“Sire! Sire!” The anxious voice called, followed by a persistent pounding on the outside of the king’s door.
“What,” Dvorkandar grumbled, knowing it could be none other than Parkandor Gravelbeard, his Caption of the guard.
Dvorkandar flung open the door, “Spit it out, or leave me to by sleep.”
“It’s the…it’s the well!”
In the nearly five hundred years Dvorkandar had know Parkandor, he had never seen the dwarf so agitated.
“The well, sir. It’s…umm…stirring, again. Like…like-”
“-Someone is drawing from it,” Dvorkandar finished, his voice suddenly void of emotion.
“That’s impossible, isn’t it?”
The wrinkles on the king’s face mashed together in a scowl that displayed his concern clearer than words could. “The only creature strong enough to do that is,” Dvorkandar whispered to himself. “Is the Great–“ He let the words fade, not wishing to finish.
Parkandor nodded grimly, knowing what his king was thinking, but dreading to mention the name himself.
“Round up your best man,” Dvorkandar barked. “Send him to Ishiria to contact Lord Zarnoth Ausberry and find out what is going on.”
“Yes, sire,” Parkandor said, turning on his heels to leave.
“Wake the mage, I want to know where the sword is.”
“Yes, sir,” Parkandor said, moving as fast as his stout legs would carrying him.
Dvorkandar Gypsumite pulled on the end of his beard and cursed his foolish youthful actions those many years ago when the Ishirian princess asked for his help. He never should have shown them how to use the dark magic. The old king shook his head in deep contemplation and hoped his fears were unfounded. If the Great Beast was truly free, then he must find a way to stop it, once again…
Part 1 - Set Apart from the Rest
It was a cloudless day in Embarcadero, one of the largest cities along the coast of the Blackwater Sea. A city where one could spend years and never gaze upon all the splendors of the Noble Quarter, with its colossal libraries, extravagant architecture and sculpted fountains, or explore the full extent of the hollows that littered the Tradesman ward. The city was immense, nearly twenty times the size of the fortress whose ashes Embarcadero was built on two centuries ago. The secret to the bustling city's continued growth is its lucrative Merchant ward, which unlike other cities along the cost, prides itself in its very liberal market policies. Situated in the southwestern corner of Embarcadero, the Merchant ward caters to the demands of all walks of life, tastes and echelon.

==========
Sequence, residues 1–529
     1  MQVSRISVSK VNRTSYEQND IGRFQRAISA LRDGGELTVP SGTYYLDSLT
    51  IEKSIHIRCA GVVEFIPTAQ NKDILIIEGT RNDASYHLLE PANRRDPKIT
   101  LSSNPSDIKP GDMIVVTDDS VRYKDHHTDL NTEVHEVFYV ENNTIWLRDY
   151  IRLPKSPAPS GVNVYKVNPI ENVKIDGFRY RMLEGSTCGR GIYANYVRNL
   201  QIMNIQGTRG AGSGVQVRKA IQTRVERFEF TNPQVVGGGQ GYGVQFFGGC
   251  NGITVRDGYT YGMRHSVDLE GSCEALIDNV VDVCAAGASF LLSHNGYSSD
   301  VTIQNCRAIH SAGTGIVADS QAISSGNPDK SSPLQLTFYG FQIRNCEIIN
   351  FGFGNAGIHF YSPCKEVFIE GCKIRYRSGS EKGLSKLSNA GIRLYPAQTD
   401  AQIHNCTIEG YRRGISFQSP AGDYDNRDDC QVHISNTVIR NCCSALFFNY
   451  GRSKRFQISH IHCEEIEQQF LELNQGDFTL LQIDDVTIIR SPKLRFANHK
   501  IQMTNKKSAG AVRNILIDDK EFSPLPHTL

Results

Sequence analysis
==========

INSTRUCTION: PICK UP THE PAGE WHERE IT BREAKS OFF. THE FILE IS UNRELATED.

The day was normal for early fall: clear, sunny and comfortably warm with a soft breeze that came off the sea. Children frolicked in the streets, clamoring over passersby at the first sign of coinage. Merchants shouted phrases such as; "Authentic Mammon Hollow relics.", "Guided tours of Embarcadero's splendors." and "Finest food in the Tradesman Quarter." The morning air smelled of cooked foods, exotic perfumes and musks all churned together and set free to meander throughout the city's streets. Dancers danced, musicians played, thespians acted out vignettes while foreigners gawked at the scenes, tossing copper to those of skill and scoffing at the rest. There was one person in the city, however, that did not find the day so intriguing. One who had shut himself up from the rest of the world in his private study above the Radiant Roadhouse.
Luther the Lustrous was not his normally optimistic, foolhardy self. Today, the Roadhouse was locked up, shutters closed tight and doors bolted. The upstairs drapes were drawn tight where Luther sat in his favorite chair near the fireplace, secure in the darkness. No illumination came from the fireplace and not a ray of light invaded the chamber from the outside world. This was the way he liked it more and more these days: dark and alone with his thoughts.
An acrid odor, from mold that had begun to grow on the multitude of tomes that lined the walls, filled Luther's lungs as he rose. His dark figure flowed to the writing table. His movements were smooth and measured as one accustomed to the dark. He knew the layout of the Roadhouse, as well as countless other buildings in the city. That was his job; to know things that others desired. And he was very good at his job.
Luther struck a flint, sparking a candle into life and the cobalt blue of his elven heritage eyes switched easily from the infrared spectrum. Blades hung about the fireplace and in showcases around the chamber. The assortment of daggers, knives and swords glistened as the flame flickered, sending eerie shadows dancing across the room. The light drained the room of its somberness, but Luther still felt a heavy weight on his mind.
Luther brushed forged deeds, falsified identification papers and other documents from the desk. The parchment's corners, once neatly stacked with their edges aligned, the way Luther found to be a necessity in all things that he performed, now lay scattered upon the otherwise spotless floor. He straightened a yellow rose that sat on top of his desk in an ornate enchanted vase; the crystal vase imbued with life-giving magic that kept the flower within forever in fresh bloom. Only the auburn-haired enchantress, Mehlayne, who had crafted it for him, dwarfed the vase's beauty in Luther's heart. He sighed deeply, knowing he should go to her, but fearing the results.
Luther pulled several blank parchments from the table's drawer and dipped his quill pen in the ink well that rested beside the vase.